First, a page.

23 Feb Cruising
Jill Casid (Art History, University of Wisconsin)
Tuesday, February 23, 2010 / 4:00 PM
McCune Conference Room, 6020 HSSB
In the rapt attention to digital transformation and the consideration of global cultural flows and liquid images, we may run the risk of losing sight of the material consequences of the physical and material flows of goods and people by boat, that seemingly antiquated technology of European conquest, catechism, and commerce. “Cruising” calls for attention not just to traveling images but also to the practice of leisure travel and not just the environmental cost of the tourist industry—the world’s largest by the end of the 20th century—but also the ongoing transformation of material environments to meets the desires and expectations of a particular kind of tourism, the floating world of the cruise ship boat. Jill H. Casid is Associate Professor of Visual Culture Studies and Director of the Center for Visual Cultures at the University of Wisconsin-Madison. As a historian, a theorist of visual culture, and a practicing artist in photo-based media, her work explores the productive tensions between theory, the problems of the archive and the writing of history, issues pertaining to the borders between science and art, and the performative and processual aspects of visual objects and imaging. Her research in visual studies includes her book Sowing Empire: Landscape and Colonization (2005) and her forthcoming book Shadows of Enlightenment.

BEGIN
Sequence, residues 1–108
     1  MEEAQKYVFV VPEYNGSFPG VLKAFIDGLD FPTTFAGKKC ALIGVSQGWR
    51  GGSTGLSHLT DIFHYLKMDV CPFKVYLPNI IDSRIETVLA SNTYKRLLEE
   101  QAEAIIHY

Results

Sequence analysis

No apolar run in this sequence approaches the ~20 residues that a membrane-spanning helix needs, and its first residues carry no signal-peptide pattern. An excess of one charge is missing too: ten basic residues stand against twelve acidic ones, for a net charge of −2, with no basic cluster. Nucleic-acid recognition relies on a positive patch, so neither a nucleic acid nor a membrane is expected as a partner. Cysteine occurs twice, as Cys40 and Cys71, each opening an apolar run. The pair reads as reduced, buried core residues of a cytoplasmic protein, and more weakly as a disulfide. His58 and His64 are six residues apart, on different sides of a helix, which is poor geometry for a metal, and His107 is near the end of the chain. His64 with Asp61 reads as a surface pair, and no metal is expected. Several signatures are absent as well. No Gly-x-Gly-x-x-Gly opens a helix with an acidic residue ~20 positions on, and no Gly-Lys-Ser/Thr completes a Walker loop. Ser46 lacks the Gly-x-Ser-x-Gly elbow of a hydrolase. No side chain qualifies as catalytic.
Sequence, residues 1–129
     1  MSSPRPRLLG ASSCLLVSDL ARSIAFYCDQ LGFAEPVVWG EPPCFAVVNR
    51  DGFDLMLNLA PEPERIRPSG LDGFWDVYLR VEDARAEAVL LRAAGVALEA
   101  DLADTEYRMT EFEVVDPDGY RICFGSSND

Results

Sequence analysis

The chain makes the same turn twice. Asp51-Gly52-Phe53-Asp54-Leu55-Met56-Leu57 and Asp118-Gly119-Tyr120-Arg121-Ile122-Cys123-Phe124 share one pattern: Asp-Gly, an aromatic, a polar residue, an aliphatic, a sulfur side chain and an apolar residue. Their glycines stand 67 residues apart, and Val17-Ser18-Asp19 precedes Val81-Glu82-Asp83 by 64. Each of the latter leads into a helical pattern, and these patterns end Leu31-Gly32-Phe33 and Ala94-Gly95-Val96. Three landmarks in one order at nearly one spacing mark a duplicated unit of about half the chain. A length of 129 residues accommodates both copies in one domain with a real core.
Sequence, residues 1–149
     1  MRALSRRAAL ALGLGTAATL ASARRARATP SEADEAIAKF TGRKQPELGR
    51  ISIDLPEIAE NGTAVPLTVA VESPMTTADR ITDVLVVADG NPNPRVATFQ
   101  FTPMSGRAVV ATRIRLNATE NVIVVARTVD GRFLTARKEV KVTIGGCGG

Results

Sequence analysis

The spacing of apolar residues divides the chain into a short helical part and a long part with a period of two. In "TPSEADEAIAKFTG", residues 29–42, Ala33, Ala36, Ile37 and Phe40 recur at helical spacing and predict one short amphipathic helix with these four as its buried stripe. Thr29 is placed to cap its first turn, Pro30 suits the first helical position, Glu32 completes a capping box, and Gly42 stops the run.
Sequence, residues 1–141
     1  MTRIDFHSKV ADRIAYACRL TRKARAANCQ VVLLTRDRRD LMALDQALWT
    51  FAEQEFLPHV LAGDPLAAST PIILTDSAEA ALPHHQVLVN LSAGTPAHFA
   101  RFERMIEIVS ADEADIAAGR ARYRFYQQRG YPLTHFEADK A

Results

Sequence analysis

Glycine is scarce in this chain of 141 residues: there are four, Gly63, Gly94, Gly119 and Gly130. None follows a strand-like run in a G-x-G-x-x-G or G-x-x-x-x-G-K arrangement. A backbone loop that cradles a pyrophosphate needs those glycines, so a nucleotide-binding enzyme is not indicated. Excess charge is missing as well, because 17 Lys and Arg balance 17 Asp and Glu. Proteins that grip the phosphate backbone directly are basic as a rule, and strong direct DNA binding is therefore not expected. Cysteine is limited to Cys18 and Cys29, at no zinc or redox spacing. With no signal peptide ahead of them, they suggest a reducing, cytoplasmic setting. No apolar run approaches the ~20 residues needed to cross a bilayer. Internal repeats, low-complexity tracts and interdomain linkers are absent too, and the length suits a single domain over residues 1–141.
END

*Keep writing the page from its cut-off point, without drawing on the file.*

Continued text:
Sponsored by the IHC’s Oil + Water Series and the Community Environmental Council.